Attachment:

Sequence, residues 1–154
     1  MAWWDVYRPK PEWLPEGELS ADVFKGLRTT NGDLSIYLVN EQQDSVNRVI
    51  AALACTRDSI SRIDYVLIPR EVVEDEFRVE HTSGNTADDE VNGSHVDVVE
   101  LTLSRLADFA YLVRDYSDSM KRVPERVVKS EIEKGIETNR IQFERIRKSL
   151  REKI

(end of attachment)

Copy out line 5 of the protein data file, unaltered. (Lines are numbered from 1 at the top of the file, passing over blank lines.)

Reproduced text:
   151  REKI